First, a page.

For better or worse, we can learn from Musk as the restructuring of Twitter devolves into a circus-like imitation of The Apprentice and Big Brother.

1. Do not be afraid to try

One of Elon Musk’s first policy changes, Twitter Blue, was a complete failure when it was launched with little planning and at full speed.

Twitter Blue was banned as a result of the accompanying pandemonium with imposters, scammers, and many irate advertisers, but after some adjustments, the service was back online within a month.

The initial version was unquestionably a disastҽr. Regarding the second version, it’s still unclear when, if ever, the blue, gold, and grey Twitter ticks will become popular.

But the key takeaway is that, even if it means failing miserably at first, we must try something new if we wish to change the course of events.

Twitter was unprofitable for far too long because its former management were reluctant to make radical changes and instead preferred to remain in the secure confines of the status quo.

Nobody knows whether Musk will be successful in modernizing Twitter. However, he believed that making an effort, failing, and then trying again was always preferable than doing nothing at all.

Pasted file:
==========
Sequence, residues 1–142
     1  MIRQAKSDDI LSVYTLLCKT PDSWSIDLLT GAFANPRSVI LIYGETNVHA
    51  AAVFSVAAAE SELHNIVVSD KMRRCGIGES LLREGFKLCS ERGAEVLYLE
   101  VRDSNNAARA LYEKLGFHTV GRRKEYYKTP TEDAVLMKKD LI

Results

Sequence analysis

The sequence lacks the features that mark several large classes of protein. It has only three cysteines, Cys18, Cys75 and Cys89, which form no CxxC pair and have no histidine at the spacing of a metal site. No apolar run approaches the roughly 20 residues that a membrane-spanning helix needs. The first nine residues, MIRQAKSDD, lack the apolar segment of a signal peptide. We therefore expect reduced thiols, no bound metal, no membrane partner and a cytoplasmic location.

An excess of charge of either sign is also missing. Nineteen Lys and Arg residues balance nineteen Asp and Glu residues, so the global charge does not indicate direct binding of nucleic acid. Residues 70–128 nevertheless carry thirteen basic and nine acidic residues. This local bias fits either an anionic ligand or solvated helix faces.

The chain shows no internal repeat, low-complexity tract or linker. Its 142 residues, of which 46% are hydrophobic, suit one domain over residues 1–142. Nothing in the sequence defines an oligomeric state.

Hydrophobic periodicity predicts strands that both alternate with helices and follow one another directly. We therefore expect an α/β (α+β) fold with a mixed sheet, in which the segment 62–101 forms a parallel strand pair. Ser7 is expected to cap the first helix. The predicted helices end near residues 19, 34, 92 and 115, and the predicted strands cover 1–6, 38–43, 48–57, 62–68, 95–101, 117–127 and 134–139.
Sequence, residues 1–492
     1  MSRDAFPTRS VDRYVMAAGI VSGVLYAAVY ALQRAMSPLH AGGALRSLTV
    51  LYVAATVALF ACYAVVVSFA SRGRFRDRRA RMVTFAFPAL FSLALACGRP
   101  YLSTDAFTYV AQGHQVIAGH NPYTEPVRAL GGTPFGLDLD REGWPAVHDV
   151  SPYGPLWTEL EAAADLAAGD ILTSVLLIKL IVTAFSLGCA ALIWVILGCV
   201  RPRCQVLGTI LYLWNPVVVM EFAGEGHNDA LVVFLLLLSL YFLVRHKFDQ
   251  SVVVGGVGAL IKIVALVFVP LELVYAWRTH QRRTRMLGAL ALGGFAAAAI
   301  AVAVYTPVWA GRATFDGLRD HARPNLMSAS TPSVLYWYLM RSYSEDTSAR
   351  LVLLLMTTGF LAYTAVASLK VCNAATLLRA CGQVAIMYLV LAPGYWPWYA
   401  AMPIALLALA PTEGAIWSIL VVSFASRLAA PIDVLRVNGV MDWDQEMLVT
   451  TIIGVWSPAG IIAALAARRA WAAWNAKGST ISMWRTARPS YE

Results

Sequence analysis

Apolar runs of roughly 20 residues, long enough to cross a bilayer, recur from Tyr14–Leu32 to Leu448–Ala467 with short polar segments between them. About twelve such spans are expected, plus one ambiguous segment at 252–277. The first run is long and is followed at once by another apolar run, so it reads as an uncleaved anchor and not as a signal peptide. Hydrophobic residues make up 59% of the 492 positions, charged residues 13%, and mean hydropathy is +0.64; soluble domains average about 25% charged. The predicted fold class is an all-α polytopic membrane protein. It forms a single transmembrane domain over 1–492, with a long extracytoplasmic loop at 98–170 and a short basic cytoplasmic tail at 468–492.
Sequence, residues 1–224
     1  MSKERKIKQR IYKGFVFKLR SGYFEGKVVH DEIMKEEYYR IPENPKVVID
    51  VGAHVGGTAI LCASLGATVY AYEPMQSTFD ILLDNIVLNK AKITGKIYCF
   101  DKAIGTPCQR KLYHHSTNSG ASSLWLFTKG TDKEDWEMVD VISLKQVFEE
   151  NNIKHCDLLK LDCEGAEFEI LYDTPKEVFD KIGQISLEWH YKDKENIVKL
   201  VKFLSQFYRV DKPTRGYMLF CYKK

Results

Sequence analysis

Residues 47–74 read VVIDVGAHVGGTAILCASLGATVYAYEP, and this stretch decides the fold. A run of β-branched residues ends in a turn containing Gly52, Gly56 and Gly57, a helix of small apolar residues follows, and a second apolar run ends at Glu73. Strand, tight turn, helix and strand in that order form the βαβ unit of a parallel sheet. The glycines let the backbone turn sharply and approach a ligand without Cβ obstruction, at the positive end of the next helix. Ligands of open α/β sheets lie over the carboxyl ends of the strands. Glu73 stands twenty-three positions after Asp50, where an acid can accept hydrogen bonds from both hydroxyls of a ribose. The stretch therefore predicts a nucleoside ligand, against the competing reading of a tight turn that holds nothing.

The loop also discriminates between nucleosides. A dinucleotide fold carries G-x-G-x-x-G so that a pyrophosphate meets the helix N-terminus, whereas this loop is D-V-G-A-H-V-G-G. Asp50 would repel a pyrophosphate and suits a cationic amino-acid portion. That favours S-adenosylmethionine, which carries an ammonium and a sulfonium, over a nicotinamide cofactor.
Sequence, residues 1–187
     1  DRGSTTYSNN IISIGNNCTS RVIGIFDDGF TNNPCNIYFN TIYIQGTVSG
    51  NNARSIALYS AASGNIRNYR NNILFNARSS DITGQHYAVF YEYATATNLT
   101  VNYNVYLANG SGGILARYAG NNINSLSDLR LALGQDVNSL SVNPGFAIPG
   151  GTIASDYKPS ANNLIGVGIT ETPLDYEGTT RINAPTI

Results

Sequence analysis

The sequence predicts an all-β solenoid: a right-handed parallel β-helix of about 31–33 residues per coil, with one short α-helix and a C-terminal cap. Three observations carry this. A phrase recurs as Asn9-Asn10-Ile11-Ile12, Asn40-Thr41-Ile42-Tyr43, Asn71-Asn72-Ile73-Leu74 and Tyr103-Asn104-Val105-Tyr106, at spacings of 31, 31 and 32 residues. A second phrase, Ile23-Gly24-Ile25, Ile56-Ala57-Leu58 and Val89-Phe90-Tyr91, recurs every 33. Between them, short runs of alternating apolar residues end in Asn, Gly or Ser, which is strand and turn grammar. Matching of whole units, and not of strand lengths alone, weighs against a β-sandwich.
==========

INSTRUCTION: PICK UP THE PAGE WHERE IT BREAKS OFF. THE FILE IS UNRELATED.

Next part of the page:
2. Be upfront about your expectations

Many Twitter employees were furious and made the decision to leave when Elon Musk gave an ultimatum advising the remaining employees to expect 80-hour work weeks and fewer workplace privileges.

However, Musk did the right thing by being honest about his expectations, regardless matter how unpopular they are, rather than concentrating on the message’s content.

Managers frequently hesitate to express their true desires out of concern that they would come across as unrealistic. An example of this is the hour at which office workers should leave for the day, with those who do so silently punished.

The end outcome is frequently bad and fosters inefficiency when we are not open about expectations.

Employees are continually forced to speculate about what their superiors really, really want rather than focusing on their work. For managers, the performance of their workers ultimately frustrates them.

However, all the unneeded strҽss could be easily avoided if we were upfront and consistent with our expectations from the beginning.

3. Never be impulsive in business (and life)

The Twitter tale has always been a narrative of impulsive behavior.

Musk negotiated an agreement to buy the platform, but after trying and failing to get out of it, he experienced buyer’s remorse.

It was totally preventable that there would be mayhem at Twitter afterwards. laying off employees and then calling back a few of them announcing a new feature just to have it discontinued a week later. It was painfully obvious how hastily each of these choices had been made.

It would be better if Musk had reined in his fast and furious decision-making process, but his time as CEO of Twitter has become a lesson to all of us.

Unlike billionaires, being impulsive will be our undoing since we do not have the runway Musk has to scrҽw up. Neither do we have the staff or resources to help clean up the mess.

Remember, jumping into decisions without thinking, hoping it will lead to a serendipitous encounter or outcome, is mostly the stuff of movies.